He concludes:

Can the Chinese Communist Party’s monopoly on political power survive the country’s economic opening to the outside world? Can China’s current system survive the eventual passage through the dip in the J curve? Perhaps double-digit growth and the middle class freedoms it has created will indefinitely keep a lid on public anger with the country’s authoritarian political system.

But maybe it won’t. The dangers of a sudden economic downturn (driven by a spike in global energy prices or the severe restrictions on travel into, out of, and around the country following confirmation of human-to-human transmission of bird flu, for example) could be unprecedented for China. The last time Chinese citizens experienced a sharp and sustained economic slowdown, they did not yet have the communications tools that might allow them to focus their anger at their government and to coordinate resistance should the state fail to meet their demands for change.

If the Chinese economy were to hit a wall, we might discover that the country is already closer to dangerous instability than we realize. The J curve suggests that this might well be the case.

Whatever this guy charges, it’s way too much. There is no stunning news here. There’s not even news. And some reviewers say it doesn’t really work well:

Bremmer’s struggle over where to place China on the J curve reflects the limitations of his one-dimensional model. By conflating the economic and political into a single measure of “openness,” Bremmer’s J curve masks the fact that there are really three types of state in transition: those that are neither politically nor economically open, those that are politically but not economically open, and vice versa. Bremmer argues that China, an example of the latter, is trying, futilely, to “beat the J curve.” But the same could be said about India, which is trying to pursue economic reform in a democratic state without triggering a paralyzing backlash from those with a stake in the old system.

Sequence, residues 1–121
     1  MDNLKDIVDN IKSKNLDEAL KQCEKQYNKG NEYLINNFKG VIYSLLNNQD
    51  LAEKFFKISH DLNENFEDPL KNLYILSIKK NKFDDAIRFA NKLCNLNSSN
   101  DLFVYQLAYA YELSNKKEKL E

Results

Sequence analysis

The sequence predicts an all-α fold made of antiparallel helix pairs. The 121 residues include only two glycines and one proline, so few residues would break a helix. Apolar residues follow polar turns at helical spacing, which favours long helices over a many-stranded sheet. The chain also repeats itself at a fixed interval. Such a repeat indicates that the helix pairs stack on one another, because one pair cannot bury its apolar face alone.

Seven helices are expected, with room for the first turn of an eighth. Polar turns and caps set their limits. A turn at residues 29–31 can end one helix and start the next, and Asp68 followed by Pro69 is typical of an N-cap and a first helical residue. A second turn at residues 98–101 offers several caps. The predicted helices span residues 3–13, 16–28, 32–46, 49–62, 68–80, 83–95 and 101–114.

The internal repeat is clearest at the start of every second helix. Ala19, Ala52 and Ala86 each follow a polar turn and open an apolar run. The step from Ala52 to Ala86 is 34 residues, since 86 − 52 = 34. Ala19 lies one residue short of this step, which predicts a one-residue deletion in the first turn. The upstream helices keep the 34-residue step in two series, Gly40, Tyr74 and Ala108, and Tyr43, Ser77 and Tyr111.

I was looking at Bremmer’s openness criteria and wondered how accurate some of these indicators are. For example, he says one question on openness is “How many books written in another language are translated into local languages?â€? and I wondered what those numbers are for China and the U.S.

In 2004, Bowker, publishers of the Global Books in Print database, reported:

The English-speaking countries remain relatively inhospitable to translations into English from other languages. In all, there were only 14,440 new translations in 2004, accounting for a little more than 3% of all books available for sale. The 4,982 translations available for sale in the U.S. was the most in the English-speaking world, but was less than half the 12,197 translations reported by Italy in 2002, and less than 400 more than the 4,602 reported by the Czech Republic in 2003. Almost three quarters of all books translated into English from other languages last year were non-fiction.